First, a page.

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Sean Lennon's NY Times OP-ED About The Environmental Costs of Fracking

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Sean Lennon may not remember the one time we were 10 feet from each other.  I was a young Asst. Professor at Columbia and he was an undergraduate there sitting on the Low Library steps being cool.   I spotted him and gawked and then kept walking.  Today, we were reunited as I read his piece about rural environmentalism.  We have some things in common but surprisingly we disagree on some issues.

A quote:

“In the late ’70s, when Manhattanites like Andy Warhol and Bianca Jagger were turning Montauk and East Hampton into an epicurean Shangri-La for the Studio 54 crowd, my parents, John Lennon and Yoko Ono, were looking to become amateur dairy farmers. My first introduction to a cow was being taught how to milk it by hand. I’ll never forget the realization that fresh milk could be so much sweeter than what we bought in grocery stores. Although I was rarely able to persuade my schoolmates to leave Long Island for what seemed to them an unreasonably rural escapade, I was lucky enough to experience trout fishing instead of tennis lessons, swimming holes instead of swimming pools and campfires instead of cable television.”
“Natural gas is clean, and cigarettes are healthy — talk about disinformation. To try to counteract this, my mother and I have started a group called Artists Against Fracking.”
So, his piece really focuses on his opposition to fracking and the extraction of natural gas.  
One mildly interesting issue here is to quantify how large are the social costs of pursuing natural gas and how do these social costs vary across locations? Suppose that there is a natural gas deposit in a geographical area where few people live.  Does this low population density reduce the likelihood of toxics exposure?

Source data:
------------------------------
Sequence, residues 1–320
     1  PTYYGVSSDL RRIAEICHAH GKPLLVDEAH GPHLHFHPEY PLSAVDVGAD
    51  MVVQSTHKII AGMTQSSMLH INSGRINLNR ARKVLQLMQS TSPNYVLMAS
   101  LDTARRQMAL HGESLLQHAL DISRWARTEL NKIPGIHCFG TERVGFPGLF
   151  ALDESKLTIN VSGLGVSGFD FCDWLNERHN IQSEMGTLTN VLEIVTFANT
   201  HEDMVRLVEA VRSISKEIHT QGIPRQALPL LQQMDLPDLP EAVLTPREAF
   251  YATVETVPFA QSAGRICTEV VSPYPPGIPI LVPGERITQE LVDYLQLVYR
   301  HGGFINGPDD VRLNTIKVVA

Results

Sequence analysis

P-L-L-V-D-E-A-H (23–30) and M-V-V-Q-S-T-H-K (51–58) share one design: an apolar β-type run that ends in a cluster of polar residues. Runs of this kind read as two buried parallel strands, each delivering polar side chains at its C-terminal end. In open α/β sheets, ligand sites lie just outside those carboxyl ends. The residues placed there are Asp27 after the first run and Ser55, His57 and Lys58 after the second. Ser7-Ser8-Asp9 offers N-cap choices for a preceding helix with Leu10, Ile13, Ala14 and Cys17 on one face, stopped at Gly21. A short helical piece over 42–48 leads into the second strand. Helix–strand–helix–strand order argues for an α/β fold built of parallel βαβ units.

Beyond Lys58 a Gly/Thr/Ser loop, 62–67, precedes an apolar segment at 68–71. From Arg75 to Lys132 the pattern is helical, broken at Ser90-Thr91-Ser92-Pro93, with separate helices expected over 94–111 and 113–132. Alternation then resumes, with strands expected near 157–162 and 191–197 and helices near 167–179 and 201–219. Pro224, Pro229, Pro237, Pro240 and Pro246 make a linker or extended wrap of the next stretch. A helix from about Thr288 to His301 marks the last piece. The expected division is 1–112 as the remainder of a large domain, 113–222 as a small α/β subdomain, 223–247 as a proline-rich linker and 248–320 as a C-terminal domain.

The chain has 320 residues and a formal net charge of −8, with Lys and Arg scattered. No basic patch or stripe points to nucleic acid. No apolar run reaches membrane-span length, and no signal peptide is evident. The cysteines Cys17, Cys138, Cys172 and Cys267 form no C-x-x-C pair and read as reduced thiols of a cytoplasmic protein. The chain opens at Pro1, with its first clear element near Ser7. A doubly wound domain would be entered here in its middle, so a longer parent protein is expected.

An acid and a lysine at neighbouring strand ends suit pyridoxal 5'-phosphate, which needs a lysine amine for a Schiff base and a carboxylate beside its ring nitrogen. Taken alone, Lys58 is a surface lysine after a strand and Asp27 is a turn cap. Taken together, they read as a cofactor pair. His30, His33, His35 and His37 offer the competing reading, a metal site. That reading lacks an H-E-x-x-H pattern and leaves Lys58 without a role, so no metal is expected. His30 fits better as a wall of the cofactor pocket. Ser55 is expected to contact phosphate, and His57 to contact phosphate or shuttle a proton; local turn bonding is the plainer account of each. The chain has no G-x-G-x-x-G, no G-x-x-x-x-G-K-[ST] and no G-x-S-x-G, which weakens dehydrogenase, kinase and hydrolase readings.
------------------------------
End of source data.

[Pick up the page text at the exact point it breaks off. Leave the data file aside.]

To quote young Lennon:
“Don’t be fooled. Fracking for shale gas is in truth dirty energy. It inevitably leaks toxic chemicals into the air and water.”
But, to an economist the question is; “how many people are exposed to this and how much are they willing to pay to not be exposed to this activity?”   The Coase theorem would say that the total negative externality from this resource extraction will be low in less populated areas where per-capita incomes are lower.  A GIS analysis could identify such areas.
If fracking creates jobs for low income individuals then such communities may be willing to pay to allow fracking to take place there.   


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    • Anonymous

      “Negative externalities?” ~ are you saying the only negatives in your Coase calculus are anthropocentric? Think again: “population” is a term that is also applied to non-human entities like bees for example, or members of any other species for that matter. Consider the greater feedback loops and natural cycles implicated in any co-ordinated assault upon an ecosystem. It may not affect humans in a given area immediately, but in the long term it will wherever it affects the ecosystem in a destructive way; as in the short term it has a direct and immediate impact on native populations of any species associated with a given bio-region, and that must eventually be factored into the global equation. You are purporting to invoke science but in actual fact you are illustrating the fundamental error that afflicts all economic logic ~ the myopia of selectivity, by cherry-picking your data to support an “economic” argument that excludes ecological facts. This is the root of all the significant problems in our world today. Corporate interests rig the game. The “externality” you should be concerned with is the exclusion of authentic independent science.

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